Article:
Figure 3.9. Choose Add and enter the condition and font formatting for your
- automatic formatting rule. Rules are applied in the order listed, and if two
rules apply to one item, the item is formatted by the first rule.
Automatic formatting uses the same filter dialog as filters and gives you the
opportunity to display filtered items using different font formatting instead of
simply showing or hiding the items. Using automatic formatting in conjunction
with filters, you can create more granular filters by highlighting items that meet
different conditions. For example, you could create a filter to show all email from
your boss and use automatic formatting to colorize messages sent only to you in
blue, messages cc'd to you in green, and messages sent to you and cc'd to others in
Create simple automatic formatting rules by choosing Tools,
Organize, and then Using Colors. Automatic formatting rules created
this way are stored with the view you're using. If you change views,
the messages lose the formatting.
• Format Columns— Use with the one-line view (Reading Pane off) to control how
each field displays and change the name displayed for the fields shown in the view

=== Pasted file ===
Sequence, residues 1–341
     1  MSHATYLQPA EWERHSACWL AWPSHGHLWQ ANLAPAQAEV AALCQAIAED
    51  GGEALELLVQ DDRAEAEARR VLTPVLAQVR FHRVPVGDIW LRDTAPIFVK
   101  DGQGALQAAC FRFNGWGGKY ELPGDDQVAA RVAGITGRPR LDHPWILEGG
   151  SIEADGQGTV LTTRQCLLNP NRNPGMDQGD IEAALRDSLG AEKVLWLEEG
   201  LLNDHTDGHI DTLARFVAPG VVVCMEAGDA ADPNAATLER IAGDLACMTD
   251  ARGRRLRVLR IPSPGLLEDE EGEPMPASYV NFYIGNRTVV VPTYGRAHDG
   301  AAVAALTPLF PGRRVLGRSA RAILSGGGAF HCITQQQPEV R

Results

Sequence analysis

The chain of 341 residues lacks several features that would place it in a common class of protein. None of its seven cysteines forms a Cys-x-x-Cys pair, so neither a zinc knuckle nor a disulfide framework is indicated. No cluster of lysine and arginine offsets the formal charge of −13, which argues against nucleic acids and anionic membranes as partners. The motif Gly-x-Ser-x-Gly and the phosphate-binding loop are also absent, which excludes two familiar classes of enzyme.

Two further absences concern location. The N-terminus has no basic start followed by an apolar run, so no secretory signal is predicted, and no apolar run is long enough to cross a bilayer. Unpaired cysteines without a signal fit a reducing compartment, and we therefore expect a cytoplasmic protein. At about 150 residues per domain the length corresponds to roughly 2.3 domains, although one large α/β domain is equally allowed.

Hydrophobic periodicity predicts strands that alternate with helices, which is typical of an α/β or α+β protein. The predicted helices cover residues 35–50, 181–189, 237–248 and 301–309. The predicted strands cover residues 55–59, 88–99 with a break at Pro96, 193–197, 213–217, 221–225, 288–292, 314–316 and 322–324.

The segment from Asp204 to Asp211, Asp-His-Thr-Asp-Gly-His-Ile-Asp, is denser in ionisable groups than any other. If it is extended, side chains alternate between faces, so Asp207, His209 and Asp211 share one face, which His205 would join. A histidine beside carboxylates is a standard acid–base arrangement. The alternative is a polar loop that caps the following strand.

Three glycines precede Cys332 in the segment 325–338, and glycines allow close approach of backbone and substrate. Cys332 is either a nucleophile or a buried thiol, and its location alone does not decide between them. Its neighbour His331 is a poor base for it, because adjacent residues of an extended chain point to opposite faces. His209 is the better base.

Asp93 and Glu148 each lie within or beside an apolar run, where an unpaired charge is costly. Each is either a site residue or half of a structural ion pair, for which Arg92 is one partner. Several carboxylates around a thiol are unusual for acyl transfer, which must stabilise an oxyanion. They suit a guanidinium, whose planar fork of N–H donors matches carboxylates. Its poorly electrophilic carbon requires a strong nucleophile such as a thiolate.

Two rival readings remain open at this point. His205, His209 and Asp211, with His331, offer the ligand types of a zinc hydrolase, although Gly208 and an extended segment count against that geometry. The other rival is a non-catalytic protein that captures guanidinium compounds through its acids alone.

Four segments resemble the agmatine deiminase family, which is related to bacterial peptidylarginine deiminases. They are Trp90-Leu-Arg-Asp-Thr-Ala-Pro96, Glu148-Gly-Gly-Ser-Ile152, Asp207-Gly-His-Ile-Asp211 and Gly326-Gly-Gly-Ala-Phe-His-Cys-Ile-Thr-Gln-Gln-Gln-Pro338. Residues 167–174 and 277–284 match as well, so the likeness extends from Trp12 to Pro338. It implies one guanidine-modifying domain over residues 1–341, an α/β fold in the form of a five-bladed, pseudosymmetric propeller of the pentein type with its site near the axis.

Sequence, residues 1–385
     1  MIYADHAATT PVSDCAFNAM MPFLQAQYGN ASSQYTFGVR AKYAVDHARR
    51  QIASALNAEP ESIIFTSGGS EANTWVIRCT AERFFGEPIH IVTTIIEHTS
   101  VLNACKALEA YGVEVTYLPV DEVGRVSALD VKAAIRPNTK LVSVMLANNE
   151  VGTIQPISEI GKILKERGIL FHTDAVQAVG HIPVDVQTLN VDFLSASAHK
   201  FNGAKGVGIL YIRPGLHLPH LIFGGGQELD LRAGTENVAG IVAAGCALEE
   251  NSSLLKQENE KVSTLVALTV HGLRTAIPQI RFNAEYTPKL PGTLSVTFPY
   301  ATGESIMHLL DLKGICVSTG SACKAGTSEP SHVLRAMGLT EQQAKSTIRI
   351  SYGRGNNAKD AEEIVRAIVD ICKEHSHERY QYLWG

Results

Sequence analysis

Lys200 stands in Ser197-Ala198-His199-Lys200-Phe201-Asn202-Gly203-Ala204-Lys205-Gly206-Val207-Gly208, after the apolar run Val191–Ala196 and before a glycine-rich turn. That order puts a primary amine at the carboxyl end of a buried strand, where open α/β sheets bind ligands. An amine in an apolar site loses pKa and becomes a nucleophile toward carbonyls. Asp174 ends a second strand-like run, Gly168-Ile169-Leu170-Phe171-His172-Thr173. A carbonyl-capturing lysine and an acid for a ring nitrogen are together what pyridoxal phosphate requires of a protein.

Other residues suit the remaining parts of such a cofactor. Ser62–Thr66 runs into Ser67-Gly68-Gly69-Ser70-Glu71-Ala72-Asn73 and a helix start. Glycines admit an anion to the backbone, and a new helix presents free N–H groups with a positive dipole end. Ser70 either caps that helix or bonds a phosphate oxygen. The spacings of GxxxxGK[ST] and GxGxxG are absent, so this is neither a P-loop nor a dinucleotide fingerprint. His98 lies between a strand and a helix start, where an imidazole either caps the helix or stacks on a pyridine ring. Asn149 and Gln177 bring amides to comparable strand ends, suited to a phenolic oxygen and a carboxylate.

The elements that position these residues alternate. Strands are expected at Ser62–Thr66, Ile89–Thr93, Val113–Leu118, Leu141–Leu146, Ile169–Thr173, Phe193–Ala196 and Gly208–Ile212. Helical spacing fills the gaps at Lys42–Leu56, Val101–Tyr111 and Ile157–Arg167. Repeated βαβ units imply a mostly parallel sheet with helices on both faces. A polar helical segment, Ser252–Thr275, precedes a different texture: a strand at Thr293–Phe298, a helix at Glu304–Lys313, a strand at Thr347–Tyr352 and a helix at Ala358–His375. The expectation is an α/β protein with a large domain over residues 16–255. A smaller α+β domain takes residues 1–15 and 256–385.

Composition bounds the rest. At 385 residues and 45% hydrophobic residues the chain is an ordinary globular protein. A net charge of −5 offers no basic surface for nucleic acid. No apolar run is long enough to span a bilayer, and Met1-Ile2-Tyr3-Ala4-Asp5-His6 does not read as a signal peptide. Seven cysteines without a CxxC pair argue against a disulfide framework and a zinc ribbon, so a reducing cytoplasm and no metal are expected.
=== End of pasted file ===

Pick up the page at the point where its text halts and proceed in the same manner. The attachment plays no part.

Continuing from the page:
(see Figure 3.10).
Figure 3.10. Change how the date and size fields display and whether to use
- icons or text for the Flag, Importance, and Attachment fields.
Use Format Columns to remove field names from group headings when
using a one-line view.
• Reset Current View— Restore the default views to their original state. This button
is disabled for custom views you create; you'll have to make a copy of your
custom views before editing them if you want to restore the original view settings.
Modifying the view by name won't apply to folders where the view
is one-offed, which is when you customize the view on a folder and
a copy of the view is stored in the folder. You'll have to reset the
view on all folders that are one-offed and then customize the view
To prevent one-offed views, use new views instead of changing the
Task: Copy Data from a View
One advantage to using Table views is the capability to copy the information displayed
and paste it into a document, which is often very useful for the calendar, contacts, and
1. Adjust the view on the folder to show all the fields you want to copy.
2. Select the first item and use Ctrl+A to Select All or hold Shift as you move down
- using the arrow keys.
3. Use Ctrl+C to copy the selected items, and then press Ctrl+V to paste them into a
document for a nicely formatted table of Outlook data.
You can copy any list using this method, including contact's card format. By limiting the
fields included in the view and using filters to control the records displayed, you can use
this method to make a quick list of your Outlook items.